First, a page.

VELOCETTE KSS – WHAT’S IN A NAME?
In case you were wondering, the letters “KSS” stand for Kamshaft Super Sport or Camshaft Super Sport. The original owners of Velocette were German, and the German spelling is with a K. The KSS was the final development of the K-series, and it stayed in series production until after World War II, ending with the 1948 model year.
VELOCETTE KSS MK II
The KSS Mk II was developed in 1936 using the MkV KTT chassis and a new engine with an alloy (aluminum) cylinder head, offering lighter weight and improved cooling. A road-going touring version was spun off of this setup, designated the KTS, sporting 19-inch wheels front and rear.
VELOCETTE KTT – ADVANCED DESIGN Velocette was ahead of its time with the K-series of engines. Typical of the day, they were air-cooled, vertical singles with grossly undersquared bore & stroke dimensions. However, most of its contemporaries used a block-mounted camshaft (or two) which operated their overhead valvegear. Velocette placed the cam over the top of the cylinder head (Overhead Cam or OHC) driving it with a shaft running up the right side of the engine, with bevel gears on both ends. It was the method of choice for driving far-away cams, back then, as small chains weren’t reliable enough yet. It provided a lot of power out of a fairly small package (although the engines grew quite tall), fairly reliable (by the standards of the day), and they loved to rev. A very successful design that was built, developed and perfected over 20+ years of production.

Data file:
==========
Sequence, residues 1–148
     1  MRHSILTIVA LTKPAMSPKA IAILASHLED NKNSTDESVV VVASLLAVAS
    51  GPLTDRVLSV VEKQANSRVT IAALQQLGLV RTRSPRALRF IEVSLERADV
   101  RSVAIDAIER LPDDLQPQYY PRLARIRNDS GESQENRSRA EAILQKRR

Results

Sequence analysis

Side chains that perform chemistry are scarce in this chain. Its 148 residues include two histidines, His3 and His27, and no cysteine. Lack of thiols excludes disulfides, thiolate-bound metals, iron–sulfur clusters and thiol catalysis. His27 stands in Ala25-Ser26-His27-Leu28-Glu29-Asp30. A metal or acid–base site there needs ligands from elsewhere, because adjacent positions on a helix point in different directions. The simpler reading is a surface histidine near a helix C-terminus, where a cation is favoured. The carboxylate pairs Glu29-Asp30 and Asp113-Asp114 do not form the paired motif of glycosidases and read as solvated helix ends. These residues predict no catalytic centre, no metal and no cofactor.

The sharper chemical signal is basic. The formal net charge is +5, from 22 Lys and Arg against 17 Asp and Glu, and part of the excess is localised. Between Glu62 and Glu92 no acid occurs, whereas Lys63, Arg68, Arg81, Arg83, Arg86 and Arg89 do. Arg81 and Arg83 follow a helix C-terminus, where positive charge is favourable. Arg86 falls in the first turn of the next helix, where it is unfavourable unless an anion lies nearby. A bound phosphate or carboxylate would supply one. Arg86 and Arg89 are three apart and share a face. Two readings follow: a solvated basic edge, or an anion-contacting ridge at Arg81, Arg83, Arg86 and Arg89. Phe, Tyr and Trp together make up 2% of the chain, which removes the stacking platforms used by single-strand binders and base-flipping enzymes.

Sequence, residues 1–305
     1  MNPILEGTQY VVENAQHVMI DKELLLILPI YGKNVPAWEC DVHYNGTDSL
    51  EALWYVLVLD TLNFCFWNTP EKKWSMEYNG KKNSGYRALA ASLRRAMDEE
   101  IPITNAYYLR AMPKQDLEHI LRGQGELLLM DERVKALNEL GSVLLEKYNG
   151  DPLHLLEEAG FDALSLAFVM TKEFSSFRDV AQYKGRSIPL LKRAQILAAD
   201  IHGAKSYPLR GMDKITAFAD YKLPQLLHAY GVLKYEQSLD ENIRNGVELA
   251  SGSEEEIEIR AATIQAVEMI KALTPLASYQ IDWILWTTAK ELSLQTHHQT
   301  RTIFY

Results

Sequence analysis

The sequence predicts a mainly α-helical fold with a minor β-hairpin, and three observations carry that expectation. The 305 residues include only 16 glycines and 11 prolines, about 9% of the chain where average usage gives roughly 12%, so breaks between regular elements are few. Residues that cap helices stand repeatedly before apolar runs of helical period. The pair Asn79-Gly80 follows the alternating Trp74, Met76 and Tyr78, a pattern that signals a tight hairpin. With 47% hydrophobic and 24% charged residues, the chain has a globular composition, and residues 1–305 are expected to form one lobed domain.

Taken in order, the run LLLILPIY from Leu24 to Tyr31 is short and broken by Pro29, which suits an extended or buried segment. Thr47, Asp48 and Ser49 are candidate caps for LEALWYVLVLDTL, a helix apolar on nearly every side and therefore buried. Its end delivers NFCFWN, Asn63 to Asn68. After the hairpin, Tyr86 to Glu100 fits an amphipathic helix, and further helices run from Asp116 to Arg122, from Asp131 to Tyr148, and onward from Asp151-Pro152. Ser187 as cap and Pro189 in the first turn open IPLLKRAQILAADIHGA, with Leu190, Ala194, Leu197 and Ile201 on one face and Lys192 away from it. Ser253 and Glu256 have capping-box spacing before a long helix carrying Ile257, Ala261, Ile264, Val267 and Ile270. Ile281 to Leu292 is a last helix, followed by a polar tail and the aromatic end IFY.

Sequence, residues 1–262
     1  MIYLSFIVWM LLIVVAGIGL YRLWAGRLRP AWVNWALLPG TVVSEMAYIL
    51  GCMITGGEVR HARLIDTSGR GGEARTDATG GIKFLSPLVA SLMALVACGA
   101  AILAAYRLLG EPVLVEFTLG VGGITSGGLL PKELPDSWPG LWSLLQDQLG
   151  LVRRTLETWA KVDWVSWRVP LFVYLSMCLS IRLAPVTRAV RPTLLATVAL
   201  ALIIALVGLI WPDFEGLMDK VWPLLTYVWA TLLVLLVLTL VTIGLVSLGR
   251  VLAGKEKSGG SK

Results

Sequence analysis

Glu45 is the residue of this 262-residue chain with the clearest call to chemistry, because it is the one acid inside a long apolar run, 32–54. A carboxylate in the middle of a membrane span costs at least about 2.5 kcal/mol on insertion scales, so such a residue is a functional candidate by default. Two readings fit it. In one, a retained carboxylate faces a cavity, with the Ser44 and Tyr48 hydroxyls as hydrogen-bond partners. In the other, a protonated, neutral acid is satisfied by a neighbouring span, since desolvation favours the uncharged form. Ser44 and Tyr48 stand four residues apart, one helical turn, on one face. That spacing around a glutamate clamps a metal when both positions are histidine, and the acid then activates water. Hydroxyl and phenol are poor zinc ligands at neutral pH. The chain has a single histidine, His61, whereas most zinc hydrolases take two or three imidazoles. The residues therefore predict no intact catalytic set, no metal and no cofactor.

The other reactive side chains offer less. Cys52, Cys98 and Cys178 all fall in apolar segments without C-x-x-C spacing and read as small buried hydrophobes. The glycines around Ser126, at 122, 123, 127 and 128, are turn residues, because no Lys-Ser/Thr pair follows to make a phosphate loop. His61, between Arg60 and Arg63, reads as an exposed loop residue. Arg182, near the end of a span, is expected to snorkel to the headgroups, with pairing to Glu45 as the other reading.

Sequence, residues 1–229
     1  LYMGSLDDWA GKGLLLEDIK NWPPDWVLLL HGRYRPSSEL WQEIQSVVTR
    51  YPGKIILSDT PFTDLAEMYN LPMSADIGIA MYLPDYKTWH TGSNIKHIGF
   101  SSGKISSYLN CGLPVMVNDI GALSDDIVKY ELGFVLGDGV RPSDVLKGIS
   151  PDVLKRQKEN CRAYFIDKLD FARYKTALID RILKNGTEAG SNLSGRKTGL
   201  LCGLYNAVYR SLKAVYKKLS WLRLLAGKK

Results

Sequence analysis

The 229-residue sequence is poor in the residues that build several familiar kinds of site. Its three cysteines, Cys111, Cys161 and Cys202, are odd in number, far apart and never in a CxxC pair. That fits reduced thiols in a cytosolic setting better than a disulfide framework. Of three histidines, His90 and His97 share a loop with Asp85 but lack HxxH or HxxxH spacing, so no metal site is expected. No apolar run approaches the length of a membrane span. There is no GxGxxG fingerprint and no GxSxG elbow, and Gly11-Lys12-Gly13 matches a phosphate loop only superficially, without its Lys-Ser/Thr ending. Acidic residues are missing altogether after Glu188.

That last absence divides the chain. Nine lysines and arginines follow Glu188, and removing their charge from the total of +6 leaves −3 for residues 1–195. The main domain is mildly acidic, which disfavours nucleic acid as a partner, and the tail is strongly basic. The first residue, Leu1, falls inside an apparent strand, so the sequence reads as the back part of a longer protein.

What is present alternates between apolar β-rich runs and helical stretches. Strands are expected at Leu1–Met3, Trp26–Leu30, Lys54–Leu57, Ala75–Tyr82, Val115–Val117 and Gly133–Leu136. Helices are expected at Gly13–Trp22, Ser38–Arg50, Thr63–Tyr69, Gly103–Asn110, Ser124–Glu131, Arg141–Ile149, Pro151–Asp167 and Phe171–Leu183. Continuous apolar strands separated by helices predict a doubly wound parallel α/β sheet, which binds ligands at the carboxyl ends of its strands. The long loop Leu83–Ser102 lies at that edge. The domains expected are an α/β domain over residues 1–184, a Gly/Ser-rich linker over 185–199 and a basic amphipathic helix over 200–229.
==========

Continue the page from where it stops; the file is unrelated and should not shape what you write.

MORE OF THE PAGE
ABOVE: This gorgeous 1946 KSS has been faithfully restored to as-new condition.
Velocette KSS RACER
ABOVE: 1947 KSS Racer with typical period-correct racing modifications.
The KSS started out life as a production roadster intended for street use. But the combination of superb handling (for the day), excellent power and reliability made it a natural choice for racing. Stripped of its road gear, the KSS Racer got a racing clutch, positive-stop foot-operated gearchange (borrowed from the KTT) and special tuning, giving them a 90mph top speed, which was hard to beat in the 1930s. Here again, the excellent handling qualities helped to insure its racing success in places like the Isle of Man TT.